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Mexico captures suspected son of most wanted drug lord 'El Chapo'

MEXICO CITY - Jesus Alfredo Guzman, to be the son of Mexico’s most wanted drug gang boss “El Chapo,” it believed to have been captured, officials in the country said Thursday.

A man suspected to be Jesus Alfredo was held in the western state of Jalisco on Thursday morning, the Navy said in a statement.

His father Joaquin Guzman - nicknamed “Shorty,” or "El Chapo" in Spanish - escaped a Mexican jail in a laundry cart in 2001 and runs the Sinaloa cartel, arguably the country's most powerful gang. 

Drug violence in Mexico has exploded over the last decade, and there have been more than 55,000 drug-related killings since President Felipe Calderon took office in December 2006.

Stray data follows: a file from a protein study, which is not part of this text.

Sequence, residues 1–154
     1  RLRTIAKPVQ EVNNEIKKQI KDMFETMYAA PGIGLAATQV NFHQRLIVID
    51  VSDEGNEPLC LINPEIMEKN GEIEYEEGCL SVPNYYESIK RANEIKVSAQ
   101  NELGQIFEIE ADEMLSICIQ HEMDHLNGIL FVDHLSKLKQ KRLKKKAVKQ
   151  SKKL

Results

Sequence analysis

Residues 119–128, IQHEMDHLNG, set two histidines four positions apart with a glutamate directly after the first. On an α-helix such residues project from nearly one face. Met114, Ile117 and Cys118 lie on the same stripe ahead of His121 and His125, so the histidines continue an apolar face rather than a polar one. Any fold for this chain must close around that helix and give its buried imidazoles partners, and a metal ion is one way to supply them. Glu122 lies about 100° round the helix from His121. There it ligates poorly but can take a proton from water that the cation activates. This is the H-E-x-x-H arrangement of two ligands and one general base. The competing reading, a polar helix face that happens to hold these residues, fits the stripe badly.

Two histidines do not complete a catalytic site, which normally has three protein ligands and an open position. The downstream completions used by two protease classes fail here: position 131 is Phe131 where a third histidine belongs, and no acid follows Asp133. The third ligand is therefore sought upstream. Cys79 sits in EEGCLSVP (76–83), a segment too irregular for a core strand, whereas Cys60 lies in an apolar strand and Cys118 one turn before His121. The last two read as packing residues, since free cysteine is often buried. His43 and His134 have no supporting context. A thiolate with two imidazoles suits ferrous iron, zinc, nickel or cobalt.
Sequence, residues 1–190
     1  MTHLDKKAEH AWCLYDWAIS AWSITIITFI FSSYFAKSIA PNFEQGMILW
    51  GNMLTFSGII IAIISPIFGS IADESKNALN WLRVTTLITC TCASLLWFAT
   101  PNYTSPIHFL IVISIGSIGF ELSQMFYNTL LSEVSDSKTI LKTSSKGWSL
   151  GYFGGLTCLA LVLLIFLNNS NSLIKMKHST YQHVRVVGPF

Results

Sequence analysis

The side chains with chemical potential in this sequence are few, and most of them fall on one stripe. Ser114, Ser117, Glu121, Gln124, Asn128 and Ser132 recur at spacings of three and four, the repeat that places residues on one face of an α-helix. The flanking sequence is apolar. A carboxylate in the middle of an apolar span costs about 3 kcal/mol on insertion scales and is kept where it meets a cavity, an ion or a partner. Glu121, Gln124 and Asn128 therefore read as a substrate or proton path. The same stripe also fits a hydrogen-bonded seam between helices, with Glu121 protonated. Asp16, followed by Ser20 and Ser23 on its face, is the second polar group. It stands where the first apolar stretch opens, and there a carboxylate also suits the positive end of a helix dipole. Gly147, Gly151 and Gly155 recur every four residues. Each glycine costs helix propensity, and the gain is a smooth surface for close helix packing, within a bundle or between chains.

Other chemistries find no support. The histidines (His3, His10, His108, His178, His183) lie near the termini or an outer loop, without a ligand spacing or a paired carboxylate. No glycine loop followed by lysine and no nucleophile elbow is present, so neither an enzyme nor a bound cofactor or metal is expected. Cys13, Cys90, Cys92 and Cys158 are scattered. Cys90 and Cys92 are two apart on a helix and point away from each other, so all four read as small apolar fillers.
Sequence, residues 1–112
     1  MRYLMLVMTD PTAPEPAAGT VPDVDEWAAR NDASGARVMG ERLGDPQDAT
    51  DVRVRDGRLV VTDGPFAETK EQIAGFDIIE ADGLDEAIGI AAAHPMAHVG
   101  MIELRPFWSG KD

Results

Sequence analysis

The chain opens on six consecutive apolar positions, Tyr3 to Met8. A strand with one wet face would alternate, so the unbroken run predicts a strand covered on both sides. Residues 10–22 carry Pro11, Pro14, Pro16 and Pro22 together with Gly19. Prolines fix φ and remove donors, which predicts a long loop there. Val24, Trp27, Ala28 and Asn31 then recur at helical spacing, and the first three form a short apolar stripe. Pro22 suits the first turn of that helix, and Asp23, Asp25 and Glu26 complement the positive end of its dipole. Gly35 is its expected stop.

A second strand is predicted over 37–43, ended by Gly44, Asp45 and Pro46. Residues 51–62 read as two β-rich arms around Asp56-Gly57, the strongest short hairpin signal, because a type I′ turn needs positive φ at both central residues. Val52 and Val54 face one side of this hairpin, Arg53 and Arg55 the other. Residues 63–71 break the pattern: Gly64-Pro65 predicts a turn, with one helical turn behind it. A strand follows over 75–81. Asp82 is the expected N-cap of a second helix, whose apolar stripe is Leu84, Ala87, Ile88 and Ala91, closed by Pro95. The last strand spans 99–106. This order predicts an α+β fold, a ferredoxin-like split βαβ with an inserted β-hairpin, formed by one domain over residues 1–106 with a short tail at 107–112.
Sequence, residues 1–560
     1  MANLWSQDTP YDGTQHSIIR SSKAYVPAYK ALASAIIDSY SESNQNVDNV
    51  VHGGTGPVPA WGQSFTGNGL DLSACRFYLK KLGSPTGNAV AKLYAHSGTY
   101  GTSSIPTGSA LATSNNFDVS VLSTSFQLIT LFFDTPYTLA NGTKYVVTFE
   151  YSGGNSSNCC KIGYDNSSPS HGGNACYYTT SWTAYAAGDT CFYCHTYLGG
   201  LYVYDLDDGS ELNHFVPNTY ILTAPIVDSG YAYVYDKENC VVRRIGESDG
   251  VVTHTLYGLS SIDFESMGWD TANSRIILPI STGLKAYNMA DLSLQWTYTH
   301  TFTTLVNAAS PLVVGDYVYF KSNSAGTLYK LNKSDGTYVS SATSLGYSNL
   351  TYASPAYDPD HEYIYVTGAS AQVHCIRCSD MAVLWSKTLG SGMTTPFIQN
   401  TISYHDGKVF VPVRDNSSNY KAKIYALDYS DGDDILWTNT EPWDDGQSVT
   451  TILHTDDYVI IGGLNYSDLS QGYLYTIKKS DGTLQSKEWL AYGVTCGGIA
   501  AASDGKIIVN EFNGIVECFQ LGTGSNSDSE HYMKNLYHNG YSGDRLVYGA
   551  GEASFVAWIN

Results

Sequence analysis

One killed every half hour in Mexico drug-related violence

Thursday's arrest comes just over week before Mexico votes for a new president. The ruling National Action Party has lost support due to the drug violence ravaging the country. The constitution bars Calderon from running for re-election. 

A video "mockumentary" that shows children as kidnappers, corrupt cops and drug traffickers sparked a fierce debate in violence-torn Mexico. Msnbc.com's Dara Brown reports.

The U.S. Treasury said last month Americans were banned from doing any business with two of Guzman's sons, who were identified as Ivan Guzman and Ovidio Guzman, under the terms of the Foreign Narcotics Kingpin Designation Act. 

Cross-border methamphetamine trade booms amid Mexico's 'war on drugs'

Reuters contributed to this report

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